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When in Doubt, Generate Random Answers

My son Duncan, who's 19, is looking for a job. He recently applied on the Website of a major grocery firm -- a company that operates a variety of grocery chains around the country. The hiring manager at the local store invited him in for an interview, which was last Friday. Duncan stopped by to see me before the interview for some last-minute practice, and he was well-prepared. I wished him luck and he was on his way.

The next day, he came by the house to spend some with me before I took off for San Francisco (where I am now). I asked him how the interview went. "It was pretty strange," he said.

When Duncan applied on the Website, the only thing the Website asked him to do was to fill out a form with basic résumé-type information, which he did. It turned out there was also a personality test, but the Website didn't offer him the chance to take it. When Duncan indicated that he was done with the form and wanted to submit his information, instead of generating an error, or submitting his information with blank personality test results, apparently the site filled in random answers for the test.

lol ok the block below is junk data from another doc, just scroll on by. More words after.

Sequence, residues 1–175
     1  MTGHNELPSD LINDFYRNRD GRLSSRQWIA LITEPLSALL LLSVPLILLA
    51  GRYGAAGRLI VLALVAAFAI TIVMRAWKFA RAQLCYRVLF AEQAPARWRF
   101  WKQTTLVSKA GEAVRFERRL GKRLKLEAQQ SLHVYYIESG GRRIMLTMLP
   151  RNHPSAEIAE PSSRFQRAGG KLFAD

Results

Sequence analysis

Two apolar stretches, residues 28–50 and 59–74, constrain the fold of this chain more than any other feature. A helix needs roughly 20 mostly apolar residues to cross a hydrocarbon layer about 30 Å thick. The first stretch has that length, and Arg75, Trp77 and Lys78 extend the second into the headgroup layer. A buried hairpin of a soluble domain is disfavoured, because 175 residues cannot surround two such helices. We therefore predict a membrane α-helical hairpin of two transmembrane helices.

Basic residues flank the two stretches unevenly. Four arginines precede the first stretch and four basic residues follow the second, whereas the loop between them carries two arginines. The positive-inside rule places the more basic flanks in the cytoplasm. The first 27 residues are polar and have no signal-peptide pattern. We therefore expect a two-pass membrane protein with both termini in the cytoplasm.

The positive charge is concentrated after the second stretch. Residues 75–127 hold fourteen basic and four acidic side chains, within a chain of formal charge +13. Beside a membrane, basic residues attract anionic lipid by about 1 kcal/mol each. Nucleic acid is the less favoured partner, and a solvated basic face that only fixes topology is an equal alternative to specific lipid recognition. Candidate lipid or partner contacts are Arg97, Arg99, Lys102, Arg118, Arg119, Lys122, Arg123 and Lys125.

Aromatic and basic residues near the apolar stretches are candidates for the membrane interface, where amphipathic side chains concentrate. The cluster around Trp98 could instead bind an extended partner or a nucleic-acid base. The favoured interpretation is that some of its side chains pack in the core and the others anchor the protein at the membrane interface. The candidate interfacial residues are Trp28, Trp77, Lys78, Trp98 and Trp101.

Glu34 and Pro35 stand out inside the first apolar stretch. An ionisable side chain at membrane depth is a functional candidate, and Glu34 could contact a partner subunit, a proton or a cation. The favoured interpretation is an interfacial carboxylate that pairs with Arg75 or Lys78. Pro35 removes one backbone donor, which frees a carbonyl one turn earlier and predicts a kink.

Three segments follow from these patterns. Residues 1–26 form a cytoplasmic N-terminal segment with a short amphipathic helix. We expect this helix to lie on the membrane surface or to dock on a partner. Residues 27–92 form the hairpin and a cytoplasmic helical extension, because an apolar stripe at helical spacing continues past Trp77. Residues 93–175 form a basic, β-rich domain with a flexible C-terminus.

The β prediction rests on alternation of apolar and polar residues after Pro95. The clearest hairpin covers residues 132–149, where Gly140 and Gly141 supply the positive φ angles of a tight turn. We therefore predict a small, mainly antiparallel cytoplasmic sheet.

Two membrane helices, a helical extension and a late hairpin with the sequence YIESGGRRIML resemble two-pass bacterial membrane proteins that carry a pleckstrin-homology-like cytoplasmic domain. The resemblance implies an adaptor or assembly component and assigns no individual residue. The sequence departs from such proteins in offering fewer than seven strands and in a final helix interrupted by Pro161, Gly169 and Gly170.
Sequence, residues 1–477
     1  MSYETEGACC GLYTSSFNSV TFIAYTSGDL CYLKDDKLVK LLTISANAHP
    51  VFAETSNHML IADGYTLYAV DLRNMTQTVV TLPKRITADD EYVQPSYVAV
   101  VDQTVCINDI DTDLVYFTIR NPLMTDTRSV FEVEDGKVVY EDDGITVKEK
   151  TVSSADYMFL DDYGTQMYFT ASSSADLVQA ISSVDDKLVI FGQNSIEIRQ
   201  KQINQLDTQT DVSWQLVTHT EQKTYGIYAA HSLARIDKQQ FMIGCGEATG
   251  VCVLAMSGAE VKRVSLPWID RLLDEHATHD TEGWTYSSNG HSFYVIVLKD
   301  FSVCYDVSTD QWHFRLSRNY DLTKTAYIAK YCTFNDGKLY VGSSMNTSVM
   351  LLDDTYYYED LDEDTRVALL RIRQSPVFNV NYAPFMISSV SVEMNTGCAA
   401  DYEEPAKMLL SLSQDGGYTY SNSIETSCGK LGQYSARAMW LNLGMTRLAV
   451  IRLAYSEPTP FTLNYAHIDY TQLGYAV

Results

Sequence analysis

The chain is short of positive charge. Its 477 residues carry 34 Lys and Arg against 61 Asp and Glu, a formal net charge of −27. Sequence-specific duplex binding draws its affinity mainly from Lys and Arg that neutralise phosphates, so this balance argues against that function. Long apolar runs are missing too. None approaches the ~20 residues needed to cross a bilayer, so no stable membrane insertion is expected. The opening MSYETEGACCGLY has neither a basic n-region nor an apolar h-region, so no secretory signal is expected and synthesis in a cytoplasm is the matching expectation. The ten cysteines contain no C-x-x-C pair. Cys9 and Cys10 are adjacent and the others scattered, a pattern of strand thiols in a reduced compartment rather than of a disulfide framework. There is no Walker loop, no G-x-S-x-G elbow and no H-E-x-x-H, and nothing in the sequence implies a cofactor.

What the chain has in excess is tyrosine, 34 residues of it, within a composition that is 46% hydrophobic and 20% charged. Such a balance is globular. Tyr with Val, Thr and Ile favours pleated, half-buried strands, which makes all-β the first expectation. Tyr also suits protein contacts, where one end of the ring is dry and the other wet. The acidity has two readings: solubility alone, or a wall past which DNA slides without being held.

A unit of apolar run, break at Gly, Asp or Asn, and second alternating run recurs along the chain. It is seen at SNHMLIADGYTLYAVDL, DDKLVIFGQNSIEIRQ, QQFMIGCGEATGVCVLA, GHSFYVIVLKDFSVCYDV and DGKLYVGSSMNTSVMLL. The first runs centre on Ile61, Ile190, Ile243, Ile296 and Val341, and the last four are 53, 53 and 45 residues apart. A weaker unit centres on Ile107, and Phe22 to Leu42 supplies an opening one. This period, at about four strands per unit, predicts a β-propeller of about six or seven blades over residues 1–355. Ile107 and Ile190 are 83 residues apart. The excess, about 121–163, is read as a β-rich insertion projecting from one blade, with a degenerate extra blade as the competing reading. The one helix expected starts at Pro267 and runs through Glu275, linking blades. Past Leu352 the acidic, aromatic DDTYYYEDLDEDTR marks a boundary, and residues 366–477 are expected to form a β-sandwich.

Duncan said the first few minutes of the interview were straightforward, and then the manager told him that the reason he had brought him in were his personality test scores, which were the worst he had ever seen -- in terms of suitability for employment, Duncan had scored something like 8 percent on one scale and 13 percent on another. Apparently the only reason the hiring manager had invited him in for an interview was because he wanted to confirm that the test was representative of Duncan's personality, and if so, to flag him in his company's system so that he would never be hired by any of their chains.

Of course, Duncan explained that he had not, in fact, taken such a test. The hiring manager figured out what happened, asked him to take the test, and when last I heard, it looked promising that he was going to get the job after all.

I give the hiring manager a great deal of credit for actually taking the time to investigate and not simply accepting the ludicrously bad personality results, which many people might have done in his place.

The obvious question is, how many people have been flagged by how many companies for tests they never took, answers that were never theirs? How many hiring managers haven't investigated test anomalies such as Duncan's? How many companies have missed out on great employees because of poor Website design and implementation errors? How much does this sort of thing cost us?

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